The sun beats down from a clear blue sky every day. The noonday temperature is never less than 30° C. Sand everywhere, with the warm blue sea a refuge when it’s all just too hot. This is the upside to working in the Gulf, where I was on contract for the first part of this year.
Building a new network from scratch is always a delight. The vendors are keen to showcase their hottest new technologies, and we get to think very seriously about what our customers will be doing with telecoms over the next five to ten years. I had been commissioned to look at a carrier metro network surrounding a new airport complex in the UAE and we had our share of issues.
1. The access network
The client quickly agreed that we needed an MPLS core to concentrate the traffic and hand it off to the national licensed operators. But how to connect the core to residential and business customers? Our first thought was GPON. We could feed 32 or 64 user terminals from a central office GPON card at 2.5 Gbps downstream and half that upstream. Seemed plenty of bandwidth for the next five years.
Then we started to think about IPTV and VoD. This is traffic which is both high-bandwidth and incapable of statistical multiplexing. If you assume 8 Mbps for a high-definition IPTV channel, a few TVs per household and you’re starting to talk real bandwidth. Perhaps an active Ethernet solution delivering 100 Mbps dedicated to each household was more future proof?
We modelled and we costed. The debate went one way and then the other. GPON is more cost-effective than an equivalent active Ethernet deployment in most geographies. Provided you stay within the GPON bandwidth envelope.
The client is still thinking about it.
2. WiFi vs. WiMAX vs. 3G/4G cellular
The client’s first thought was WiFi everywhere. It’s the modern thing, isn’t it? And we want to connect to the Internet everywhere. And with security being what it is, we want good surveillance and communications. After some modelling, and a budgetary estimate, we started thinking instead about WiMAX.
WiMAX can be thought of as a higher-powered version of WiFi. We could cover the metro network area with WiMAX at a fraction of the cost. But will it take off or is it the Betamax of wireless networking? If we hold off the decision for now, when will it be safe to take it?
A complication for the client was that the cellular guys were going to cover the area with 3G base stations anyway (HSPA => LTE). Functionally this is pretty much equivalent to WiMAX. Maybe the right answer was to be a virtual network operator on this infrastructure (or just buy bulk capacity)?
There were opinion-formers within the client who were attracted to the idea of pervasive surveillance. If you want to cover hundreds of square kilometres with 24/7 real-time video surveillance, that’s a lot of ~4 Mbps video streams to carry across the network to your video head-end. It’s not impossible if you have the budget, but the more interesting problem is what to do with the feeds in that hangar-like control room. We’re talking thousands of camera feeds, almost all of which show absolutely nothing of interest.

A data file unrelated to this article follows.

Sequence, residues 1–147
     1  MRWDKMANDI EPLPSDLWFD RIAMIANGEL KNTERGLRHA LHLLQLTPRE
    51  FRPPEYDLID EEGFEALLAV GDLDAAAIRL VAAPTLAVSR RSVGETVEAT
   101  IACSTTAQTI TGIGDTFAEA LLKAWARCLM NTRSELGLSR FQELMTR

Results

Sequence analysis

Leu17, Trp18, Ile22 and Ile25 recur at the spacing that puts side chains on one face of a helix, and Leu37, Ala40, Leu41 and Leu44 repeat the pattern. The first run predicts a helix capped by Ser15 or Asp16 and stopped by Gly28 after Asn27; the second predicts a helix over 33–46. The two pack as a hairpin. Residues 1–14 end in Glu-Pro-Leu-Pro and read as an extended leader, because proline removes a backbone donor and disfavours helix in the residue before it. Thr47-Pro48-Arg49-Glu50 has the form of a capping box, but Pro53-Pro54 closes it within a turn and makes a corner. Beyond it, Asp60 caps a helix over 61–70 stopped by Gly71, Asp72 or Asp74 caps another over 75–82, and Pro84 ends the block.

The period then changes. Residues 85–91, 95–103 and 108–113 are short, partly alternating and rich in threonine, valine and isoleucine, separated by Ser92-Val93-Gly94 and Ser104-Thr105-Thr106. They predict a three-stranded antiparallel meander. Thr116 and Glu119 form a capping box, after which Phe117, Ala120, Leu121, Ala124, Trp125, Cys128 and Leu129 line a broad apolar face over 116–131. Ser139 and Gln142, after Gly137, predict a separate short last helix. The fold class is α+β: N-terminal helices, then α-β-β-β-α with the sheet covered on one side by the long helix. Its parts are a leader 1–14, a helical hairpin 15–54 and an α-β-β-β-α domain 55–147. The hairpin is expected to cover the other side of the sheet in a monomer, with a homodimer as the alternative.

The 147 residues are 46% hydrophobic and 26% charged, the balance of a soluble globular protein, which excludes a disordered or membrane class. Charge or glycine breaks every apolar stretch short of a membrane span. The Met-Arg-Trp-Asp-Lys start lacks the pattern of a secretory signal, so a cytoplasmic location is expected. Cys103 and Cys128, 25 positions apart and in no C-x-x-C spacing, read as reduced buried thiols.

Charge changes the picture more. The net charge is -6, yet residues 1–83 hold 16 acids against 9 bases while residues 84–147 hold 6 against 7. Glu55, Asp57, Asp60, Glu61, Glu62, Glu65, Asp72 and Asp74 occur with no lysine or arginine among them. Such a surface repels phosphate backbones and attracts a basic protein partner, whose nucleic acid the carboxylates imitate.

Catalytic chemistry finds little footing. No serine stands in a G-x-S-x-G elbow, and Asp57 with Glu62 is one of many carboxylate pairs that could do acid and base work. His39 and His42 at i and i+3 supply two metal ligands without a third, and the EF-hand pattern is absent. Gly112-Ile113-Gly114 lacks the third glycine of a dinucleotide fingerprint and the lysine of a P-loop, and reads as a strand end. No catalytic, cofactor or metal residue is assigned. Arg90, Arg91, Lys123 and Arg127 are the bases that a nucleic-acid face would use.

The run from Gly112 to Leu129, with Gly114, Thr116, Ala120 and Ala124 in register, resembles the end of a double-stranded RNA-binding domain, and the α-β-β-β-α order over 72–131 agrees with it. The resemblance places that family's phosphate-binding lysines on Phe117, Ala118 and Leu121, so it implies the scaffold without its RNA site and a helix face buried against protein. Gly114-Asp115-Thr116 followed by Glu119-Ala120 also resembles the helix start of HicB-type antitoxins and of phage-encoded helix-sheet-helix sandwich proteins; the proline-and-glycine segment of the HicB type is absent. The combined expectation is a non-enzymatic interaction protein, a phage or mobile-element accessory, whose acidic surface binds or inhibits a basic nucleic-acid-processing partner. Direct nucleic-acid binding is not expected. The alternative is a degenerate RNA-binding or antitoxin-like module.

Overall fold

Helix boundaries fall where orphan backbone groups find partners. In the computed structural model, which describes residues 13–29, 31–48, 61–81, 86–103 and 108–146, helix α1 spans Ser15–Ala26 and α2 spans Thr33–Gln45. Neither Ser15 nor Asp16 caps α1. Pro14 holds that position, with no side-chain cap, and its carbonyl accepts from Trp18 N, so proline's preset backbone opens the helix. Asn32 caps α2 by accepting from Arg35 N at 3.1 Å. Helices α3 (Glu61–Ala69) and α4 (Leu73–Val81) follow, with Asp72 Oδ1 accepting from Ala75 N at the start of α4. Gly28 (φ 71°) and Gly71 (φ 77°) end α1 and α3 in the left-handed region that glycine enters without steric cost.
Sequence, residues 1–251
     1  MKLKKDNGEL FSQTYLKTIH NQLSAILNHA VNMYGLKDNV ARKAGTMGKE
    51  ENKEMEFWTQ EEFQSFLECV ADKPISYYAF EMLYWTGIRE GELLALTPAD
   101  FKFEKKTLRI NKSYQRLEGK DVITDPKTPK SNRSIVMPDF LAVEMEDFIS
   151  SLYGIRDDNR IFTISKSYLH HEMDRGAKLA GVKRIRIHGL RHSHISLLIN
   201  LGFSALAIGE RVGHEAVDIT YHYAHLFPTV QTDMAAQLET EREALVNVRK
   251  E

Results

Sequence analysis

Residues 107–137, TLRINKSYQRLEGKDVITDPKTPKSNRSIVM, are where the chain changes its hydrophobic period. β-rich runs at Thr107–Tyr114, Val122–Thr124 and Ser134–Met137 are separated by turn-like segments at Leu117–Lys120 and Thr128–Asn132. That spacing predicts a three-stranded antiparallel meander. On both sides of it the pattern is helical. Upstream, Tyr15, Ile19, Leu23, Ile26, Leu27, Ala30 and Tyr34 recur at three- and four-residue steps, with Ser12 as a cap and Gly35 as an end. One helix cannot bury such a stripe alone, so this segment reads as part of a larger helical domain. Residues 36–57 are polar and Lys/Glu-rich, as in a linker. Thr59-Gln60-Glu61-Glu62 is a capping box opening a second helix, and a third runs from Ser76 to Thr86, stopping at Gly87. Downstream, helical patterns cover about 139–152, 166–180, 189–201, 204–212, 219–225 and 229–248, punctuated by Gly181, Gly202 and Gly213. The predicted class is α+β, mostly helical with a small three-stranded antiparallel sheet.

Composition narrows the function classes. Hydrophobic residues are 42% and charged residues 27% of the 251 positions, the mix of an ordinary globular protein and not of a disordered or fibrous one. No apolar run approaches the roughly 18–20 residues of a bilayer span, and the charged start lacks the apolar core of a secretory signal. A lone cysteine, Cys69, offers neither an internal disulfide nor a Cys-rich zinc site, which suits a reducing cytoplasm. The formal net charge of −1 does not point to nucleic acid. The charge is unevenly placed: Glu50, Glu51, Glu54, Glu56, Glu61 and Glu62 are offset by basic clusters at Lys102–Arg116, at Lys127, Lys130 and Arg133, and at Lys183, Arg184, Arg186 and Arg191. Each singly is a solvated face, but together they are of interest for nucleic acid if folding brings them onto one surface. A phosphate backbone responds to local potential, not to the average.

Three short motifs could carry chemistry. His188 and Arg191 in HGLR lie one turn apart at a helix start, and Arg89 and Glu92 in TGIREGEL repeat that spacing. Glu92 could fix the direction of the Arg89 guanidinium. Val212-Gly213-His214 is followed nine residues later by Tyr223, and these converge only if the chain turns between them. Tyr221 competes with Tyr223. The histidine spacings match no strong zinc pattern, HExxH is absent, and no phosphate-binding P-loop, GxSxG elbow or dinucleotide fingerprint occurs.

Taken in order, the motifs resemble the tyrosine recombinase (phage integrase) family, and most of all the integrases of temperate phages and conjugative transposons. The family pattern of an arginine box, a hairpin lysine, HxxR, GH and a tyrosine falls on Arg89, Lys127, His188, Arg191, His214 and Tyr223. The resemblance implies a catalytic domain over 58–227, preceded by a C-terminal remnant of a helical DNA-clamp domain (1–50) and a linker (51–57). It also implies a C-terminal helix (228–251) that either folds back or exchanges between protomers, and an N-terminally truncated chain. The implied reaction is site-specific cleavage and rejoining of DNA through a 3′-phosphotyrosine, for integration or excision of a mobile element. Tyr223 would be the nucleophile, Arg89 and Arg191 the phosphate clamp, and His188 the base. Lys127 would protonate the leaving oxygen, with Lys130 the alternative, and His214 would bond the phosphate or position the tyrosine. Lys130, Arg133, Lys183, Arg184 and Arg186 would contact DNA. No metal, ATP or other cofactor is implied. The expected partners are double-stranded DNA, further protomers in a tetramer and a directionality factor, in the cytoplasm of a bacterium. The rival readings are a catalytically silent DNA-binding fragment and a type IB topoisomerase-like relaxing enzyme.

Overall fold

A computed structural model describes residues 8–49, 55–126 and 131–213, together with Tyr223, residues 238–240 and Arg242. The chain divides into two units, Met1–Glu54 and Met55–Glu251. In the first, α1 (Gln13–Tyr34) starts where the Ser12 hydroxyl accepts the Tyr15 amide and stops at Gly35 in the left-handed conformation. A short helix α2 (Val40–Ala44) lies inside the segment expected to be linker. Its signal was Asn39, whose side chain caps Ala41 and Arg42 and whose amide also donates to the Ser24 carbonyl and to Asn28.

It wasn’t in our brief, but I wouldn’t be surprised if there were contracts at some stage for some really state-of-the-art automatic image-processing and threat analysis computing platforms.
4. IMS and new services
Publicly we are all in favour of IMS. Privately we ask ourselves: what are the new services, will any of them ever make sufficient margin and will they be destroyed by cheap or free offerings across the Internet a la Skype?
So this was the debate we had with the client. Do you want to be a mini-clone of an established telco, developing a vertically-integrated services stack? Or might it be better to create platforms for general service innovation (OK, maybe even IMS with a service development & delivery platform) which you can open to the world and charge rental for?
The latter resembles that tried and true business strategy of running guns to all sides in the conflict. Always where the real money is made.
You always learn a lot from designing a state-of-the-art network. We had, for example, a huge discussion about the use of VLANs. This is industry ‘work-in-progress’ in trying to make Ethernet do the kind of per-user, per-service virtual circuit which was so easy with ATM. Perhaps the engineering can be made to work once some of the newer standards are bedded in, but it’s undeniably kludgy at the moment.
I could talk about some of the other issues. How much does the client need the whole panoply of the next-generation OSS (NGOSS)? What’s the role of DWDM and an optical transport network when you built-in plenty of fibre? If the metro traffic core is going to hit the Terabit per second level in the next 5-10 years, can this be done scalably or do we need to rethink the underlying hardware and protocol architecture?
But enough already.
© Interweave Consulting, September 2008.
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